Why debt is an excuse in the case of Greece – Tax Research UK

[If anybody knows who did this cartoon and where it was first published, please let us know, so we can provide an accurate attribution.]

[If anybody knows who did this cartoon and where it was first published, please let us know, so we can provide an accurate attribution.]

There’s a massive outcry about Greek debt and how and why it must be repaid otherwise the world as we know it will collapse, writes Ivan Horrocks in a guest post on Tax Research UK.

It is, quite simply, a device to wreck the Syriza government as quickly as possible, and to make sure that what happens can be laid at the feet of that government, and not blamed on the ECB, IMF, EC, or any other EU country, or – and this is most important – global capital (by which I primarily mean multi-national corporations, the 1% and their agents and supporters).

For the first time in Europe for a very long time a progressive political party that is not either beholden to and/or implicitly supportive of the neoliberal project has got into power… with a clear mandate for pursuit of an entirely un-neoliberal agenda.

Over the next three months Syriza will be subjected to the most concerted (and often secret) attacks any government in Europe has known for decades – probably since the birth of labour movements in the inter-war period.

Forewarned is forearmed, and it is to be hoped Syriza has the skill to turn any such attacks back on themselves and reveal the culprits for who they really are. This is an opportunity – and it is to be hoped that Mr Tsipras grasps it with both hands.

Yesterday evening, the BBC ran a documentary to mark the 50th anniversary of Winston Churchill’s death, in which Jeremy Paxman uttered a fervent desire that we have not seen the last of Churchill’s calibre of human being – because we may need such people again, soon.

“Cometh the hour, cometh the man,” and all that. Well, the hour has come for Greece. Is Mr Tsipras its man?

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6 thoughts on “Why debt is an excuse in the case of Greece – Tax Research UK

  1. Stephen Bee

    If, as people are ever more coming to realise, money (debt) can be created out of thin air//why the f..can’t that same debt disappear in the banks computers as quickly as it was formed?? It’s all illusion, smoke and mirrors . with a cogency not based on reality

  2. Chris

    Why is deficit and national debt used as an excuse for killing the poor here in UK under the guise of austerity? From babes yet born to grannies.

    More grannies will go with the flat rate pension con coming from 2016 retiring people. See why under my petition, in my WHY THIS IS IMPORTANT section, at:
    https://you.38degrees.org.uk/petitions/state-pension-at-60-now

    SYRIZA has in only a few days reversed the public sector job losses and rehired.

    SYRIZA has returned the lost pension to the poorest current claimant pensioners and the uninsured farming pensioners and helped get back cheap or free medicine for life sustaining medication.

    SYRIZA raised the minimum wage (which had in fact fallen to more like 300 E) from the formal 500 E to the 700 E it was.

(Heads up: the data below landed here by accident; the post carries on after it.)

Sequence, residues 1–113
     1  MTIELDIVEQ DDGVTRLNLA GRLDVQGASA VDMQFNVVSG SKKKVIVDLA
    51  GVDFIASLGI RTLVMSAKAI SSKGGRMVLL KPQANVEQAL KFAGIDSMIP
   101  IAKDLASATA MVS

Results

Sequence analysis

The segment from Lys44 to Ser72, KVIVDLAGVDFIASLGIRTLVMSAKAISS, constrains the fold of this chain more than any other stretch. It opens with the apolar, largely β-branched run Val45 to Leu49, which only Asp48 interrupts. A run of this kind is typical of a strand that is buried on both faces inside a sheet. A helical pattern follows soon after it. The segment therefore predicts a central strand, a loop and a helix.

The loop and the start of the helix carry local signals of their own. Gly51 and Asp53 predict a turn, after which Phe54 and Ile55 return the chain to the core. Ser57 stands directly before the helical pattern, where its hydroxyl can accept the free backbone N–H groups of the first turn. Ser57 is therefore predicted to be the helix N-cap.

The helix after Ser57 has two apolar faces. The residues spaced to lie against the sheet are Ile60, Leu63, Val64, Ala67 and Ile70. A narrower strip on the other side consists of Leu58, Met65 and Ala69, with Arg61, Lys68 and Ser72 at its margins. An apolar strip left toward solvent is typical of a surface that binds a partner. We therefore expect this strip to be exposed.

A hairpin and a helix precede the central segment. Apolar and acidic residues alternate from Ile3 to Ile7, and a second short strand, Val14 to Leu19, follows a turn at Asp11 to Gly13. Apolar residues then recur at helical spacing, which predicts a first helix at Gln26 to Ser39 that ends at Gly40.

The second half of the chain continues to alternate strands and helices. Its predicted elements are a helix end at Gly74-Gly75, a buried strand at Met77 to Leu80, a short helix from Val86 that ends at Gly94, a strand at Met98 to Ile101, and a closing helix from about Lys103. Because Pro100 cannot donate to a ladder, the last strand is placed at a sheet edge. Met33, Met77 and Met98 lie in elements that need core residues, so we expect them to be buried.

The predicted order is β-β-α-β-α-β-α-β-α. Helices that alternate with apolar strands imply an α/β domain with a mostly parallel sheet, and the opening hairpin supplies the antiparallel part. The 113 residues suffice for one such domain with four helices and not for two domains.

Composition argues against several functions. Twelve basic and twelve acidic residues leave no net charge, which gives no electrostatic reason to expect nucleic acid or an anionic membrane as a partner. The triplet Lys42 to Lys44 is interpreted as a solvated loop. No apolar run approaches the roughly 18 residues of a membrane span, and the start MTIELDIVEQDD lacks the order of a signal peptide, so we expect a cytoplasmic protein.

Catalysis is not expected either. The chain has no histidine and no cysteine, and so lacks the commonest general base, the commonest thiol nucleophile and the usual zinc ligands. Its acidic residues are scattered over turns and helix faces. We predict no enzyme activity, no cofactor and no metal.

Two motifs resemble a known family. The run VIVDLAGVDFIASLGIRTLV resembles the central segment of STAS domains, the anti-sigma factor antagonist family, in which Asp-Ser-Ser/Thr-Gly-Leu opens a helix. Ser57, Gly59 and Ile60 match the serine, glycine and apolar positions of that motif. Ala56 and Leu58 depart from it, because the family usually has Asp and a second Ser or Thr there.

The crisis did not come from public spending by Labour, when the Tories have spent more in 5 years than Labour did in 13 years. The OECD said investment against child poverty was going well til 2010. Now child poverty is spiralling ever greater. We know kids are bin dipping for food on the way to school.

    In 2008 major companies went bust and caused the international banking crisis and so the finance crisis.

    Spending on welfare admin has increased by billions in the UK, whilst money to the starving is ever reducing by the billions.
    So the Tories and Lib Dems are causing MORE DEFICIT NOT LESS.

    So why is Labour constantly carping on about deficit reduction and keeping Tory spending cuts and being even harder on welfare reform thant he Tories?

    The Nazis were the ones of forced labour as a condition of benefit, after forcing people into unemployment.

    Is that not what Jobcentres today do? All 750 of them, when in the past there were only 100.

    Because I did not find a job from the Jobcentre (called a Labour Exchange in the dark ages) back in 1977 but from the newspaper.

    Shut all Jobcentres, sack the welfare admin private contracts and pay welfare automatic, without conditionality, and pay off national debt at the same time.

    Anybody?

  3. Sasson Hann

    I think the only way to combat this is for Syriza to make such ‘attacks’ completely public. Alistair Darling did this if people remember; it was made public that he was ‘threatened’ if tried to bring the banks into line after the crash. I always wondered why there wasn’t more made of that in the media; it’s almost like it was standard and expected practice.

    With such an overwhelming power against Darling, similar to people preceding him, then it’s no wonder that governments still haven’t reformed the banking sector.

  4. concernedkev

    If they are wise enough to learn from history they should keep a watchful eye on the Generals and their masters. Germany seems destined yet again to be at the centre of European conflict.

Comments are closed.